"I think the Fed is making a mistake. It's so tight. I think the Fed has gone crazy," Trump told reporters Wednesday in Erie, Pennsylvania, where he had come for a campaign rally.
Fears of rapidly rising interest rates were one factor contributing to the Dow Jones Industrial Average dropping more than 800 points Wednesday, according to a CNBC report. The S&P 500's decline Wednesday marked the worst day for the stock index since February. In general, US shares suffered a broad-based selloff that slashed more than three percent from major indices, AFP reported.
"Actually, it's a correction that we've been waiting for for a long time, but I really disagree with what the Fed is doing," the president added.
In terms of the stock market, a "correction" is defined as a fall of at least 10 percent from the high point of the last 52 weeks, Reuters notes. Market corrections tend to be followed by a bullish market.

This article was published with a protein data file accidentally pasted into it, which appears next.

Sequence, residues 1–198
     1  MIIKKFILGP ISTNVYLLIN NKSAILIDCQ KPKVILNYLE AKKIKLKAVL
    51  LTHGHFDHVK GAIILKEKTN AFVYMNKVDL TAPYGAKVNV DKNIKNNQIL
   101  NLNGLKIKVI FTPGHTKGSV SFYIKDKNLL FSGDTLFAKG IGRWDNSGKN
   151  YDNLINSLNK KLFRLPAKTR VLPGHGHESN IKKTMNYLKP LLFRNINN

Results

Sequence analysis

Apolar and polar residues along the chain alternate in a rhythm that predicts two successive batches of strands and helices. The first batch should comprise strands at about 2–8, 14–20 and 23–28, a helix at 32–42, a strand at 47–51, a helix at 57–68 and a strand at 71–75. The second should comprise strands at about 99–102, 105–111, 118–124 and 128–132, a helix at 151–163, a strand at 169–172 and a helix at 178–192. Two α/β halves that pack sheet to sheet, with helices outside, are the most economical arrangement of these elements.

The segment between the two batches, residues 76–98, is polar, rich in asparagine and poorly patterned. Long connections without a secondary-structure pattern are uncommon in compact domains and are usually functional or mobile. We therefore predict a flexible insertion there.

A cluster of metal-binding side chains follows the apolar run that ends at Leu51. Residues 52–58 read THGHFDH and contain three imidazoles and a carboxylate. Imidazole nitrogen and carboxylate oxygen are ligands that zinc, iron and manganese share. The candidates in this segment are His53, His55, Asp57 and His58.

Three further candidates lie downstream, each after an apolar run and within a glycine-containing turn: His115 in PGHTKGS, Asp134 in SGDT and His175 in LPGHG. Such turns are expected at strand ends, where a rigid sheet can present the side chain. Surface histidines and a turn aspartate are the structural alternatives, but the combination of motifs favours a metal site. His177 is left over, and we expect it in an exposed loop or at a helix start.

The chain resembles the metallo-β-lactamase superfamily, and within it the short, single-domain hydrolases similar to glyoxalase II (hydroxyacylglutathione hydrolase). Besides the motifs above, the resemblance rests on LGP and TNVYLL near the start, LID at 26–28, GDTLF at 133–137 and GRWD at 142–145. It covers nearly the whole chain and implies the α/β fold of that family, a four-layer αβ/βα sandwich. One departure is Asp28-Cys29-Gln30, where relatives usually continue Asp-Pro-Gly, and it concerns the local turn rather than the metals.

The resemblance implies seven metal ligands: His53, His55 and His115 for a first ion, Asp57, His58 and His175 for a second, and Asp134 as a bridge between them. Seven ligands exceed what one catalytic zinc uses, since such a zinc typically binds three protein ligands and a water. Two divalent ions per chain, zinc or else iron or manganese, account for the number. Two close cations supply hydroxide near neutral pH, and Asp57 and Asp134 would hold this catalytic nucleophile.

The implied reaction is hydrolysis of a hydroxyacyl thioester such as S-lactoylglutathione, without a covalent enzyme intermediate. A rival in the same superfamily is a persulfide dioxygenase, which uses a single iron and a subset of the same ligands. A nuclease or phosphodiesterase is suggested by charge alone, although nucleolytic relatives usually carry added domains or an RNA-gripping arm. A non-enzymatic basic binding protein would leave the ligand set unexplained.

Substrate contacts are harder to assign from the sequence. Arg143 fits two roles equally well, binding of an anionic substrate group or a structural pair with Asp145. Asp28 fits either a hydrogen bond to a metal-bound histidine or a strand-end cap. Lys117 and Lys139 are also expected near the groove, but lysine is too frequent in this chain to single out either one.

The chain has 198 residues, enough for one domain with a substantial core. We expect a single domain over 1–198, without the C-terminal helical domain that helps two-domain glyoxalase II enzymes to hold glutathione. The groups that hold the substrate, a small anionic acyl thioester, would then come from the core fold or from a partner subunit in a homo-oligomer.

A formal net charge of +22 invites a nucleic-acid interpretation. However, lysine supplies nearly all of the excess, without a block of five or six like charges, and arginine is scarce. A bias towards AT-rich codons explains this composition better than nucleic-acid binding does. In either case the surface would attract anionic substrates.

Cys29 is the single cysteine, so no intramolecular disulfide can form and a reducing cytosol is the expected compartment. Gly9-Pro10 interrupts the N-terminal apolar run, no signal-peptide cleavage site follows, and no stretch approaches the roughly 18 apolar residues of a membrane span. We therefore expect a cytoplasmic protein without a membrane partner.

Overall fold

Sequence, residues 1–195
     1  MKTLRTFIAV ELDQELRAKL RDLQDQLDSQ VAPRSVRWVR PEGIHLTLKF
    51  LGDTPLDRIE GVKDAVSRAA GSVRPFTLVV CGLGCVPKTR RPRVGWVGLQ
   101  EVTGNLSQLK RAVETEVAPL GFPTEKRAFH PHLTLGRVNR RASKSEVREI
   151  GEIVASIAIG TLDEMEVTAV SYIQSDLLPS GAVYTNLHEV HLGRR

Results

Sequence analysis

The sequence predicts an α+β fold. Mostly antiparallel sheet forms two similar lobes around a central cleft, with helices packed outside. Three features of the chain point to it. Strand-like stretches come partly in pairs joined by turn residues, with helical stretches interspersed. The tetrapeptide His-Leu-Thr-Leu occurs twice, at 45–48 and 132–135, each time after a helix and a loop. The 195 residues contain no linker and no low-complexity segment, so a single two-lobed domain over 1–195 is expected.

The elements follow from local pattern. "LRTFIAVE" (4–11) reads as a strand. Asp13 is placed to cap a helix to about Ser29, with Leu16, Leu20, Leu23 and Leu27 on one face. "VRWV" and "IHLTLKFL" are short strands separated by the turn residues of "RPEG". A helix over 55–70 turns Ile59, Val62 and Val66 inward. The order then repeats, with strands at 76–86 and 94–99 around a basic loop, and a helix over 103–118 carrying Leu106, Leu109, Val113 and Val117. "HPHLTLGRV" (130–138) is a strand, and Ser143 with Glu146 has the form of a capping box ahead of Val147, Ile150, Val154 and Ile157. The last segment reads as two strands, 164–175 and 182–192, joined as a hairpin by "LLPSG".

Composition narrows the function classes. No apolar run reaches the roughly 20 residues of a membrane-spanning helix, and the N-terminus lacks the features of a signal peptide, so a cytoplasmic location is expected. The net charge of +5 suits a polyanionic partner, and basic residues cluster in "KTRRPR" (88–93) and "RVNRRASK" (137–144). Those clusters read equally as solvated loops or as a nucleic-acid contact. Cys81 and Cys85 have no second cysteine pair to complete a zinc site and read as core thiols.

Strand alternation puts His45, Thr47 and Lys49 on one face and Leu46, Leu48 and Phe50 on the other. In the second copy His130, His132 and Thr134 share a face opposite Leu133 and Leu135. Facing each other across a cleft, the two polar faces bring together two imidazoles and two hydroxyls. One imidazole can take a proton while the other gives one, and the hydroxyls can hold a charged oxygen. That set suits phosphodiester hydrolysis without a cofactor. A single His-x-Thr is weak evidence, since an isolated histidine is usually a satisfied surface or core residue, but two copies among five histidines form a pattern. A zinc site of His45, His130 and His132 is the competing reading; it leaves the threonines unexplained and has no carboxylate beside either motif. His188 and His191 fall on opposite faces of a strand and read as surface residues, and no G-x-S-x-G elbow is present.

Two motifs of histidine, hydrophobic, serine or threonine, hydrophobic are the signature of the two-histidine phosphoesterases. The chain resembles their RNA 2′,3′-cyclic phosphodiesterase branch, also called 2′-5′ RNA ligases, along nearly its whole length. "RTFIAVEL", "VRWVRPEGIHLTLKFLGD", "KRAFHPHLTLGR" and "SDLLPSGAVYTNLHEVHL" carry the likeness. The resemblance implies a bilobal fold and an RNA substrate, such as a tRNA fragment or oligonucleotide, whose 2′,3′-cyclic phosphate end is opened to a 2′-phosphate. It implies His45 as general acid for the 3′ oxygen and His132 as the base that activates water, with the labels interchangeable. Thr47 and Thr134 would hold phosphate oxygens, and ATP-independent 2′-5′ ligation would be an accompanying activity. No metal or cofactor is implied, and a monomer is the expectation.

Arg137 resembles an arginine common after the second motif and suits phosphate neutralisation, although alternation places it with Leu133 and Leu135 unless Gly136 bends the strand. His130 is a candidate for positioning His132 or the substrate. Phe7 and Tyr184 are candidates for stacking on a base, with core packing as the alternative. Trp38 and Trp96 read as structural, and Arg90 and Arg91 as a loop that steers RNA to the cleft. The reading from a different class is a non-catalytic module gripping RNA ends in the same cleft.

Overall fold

The stock market drop is likely unpleasant for Trump, who has repeatedly used growing Wall Street numbers as proof of the success of his economic policies, which include controversial tariffs, AFP notes, adding that Trump's own policies had largely contributed to the interest rate increases, as tax cuts and spending policies were expected to boost the US economy, providing justification for the jump in rates. At the same time, Trump's trade wars have increased costs for companies, delivering a blow to quarterly earnings — something that some experts say contributed to the Wednesday selloff.
The White House also commented on the issue, saying President Donald Trump’s policies have created a solid base for growth and the future of the US economy remains strong despite a major drop on the stock market
"The fundamentals and future of the US economy remain incredibly strong," White House Press Secretary Sarah Sanders said when asked about Wednesday's market drop. "President Trump's economic policies… have created a solid base for continued growth."
Earlier in September, when the Fed announced its third rate increase of the year, Trump also said that he didn't "like it."
"I think we don't have to go as fast," he said at the time. "I like low interest rates."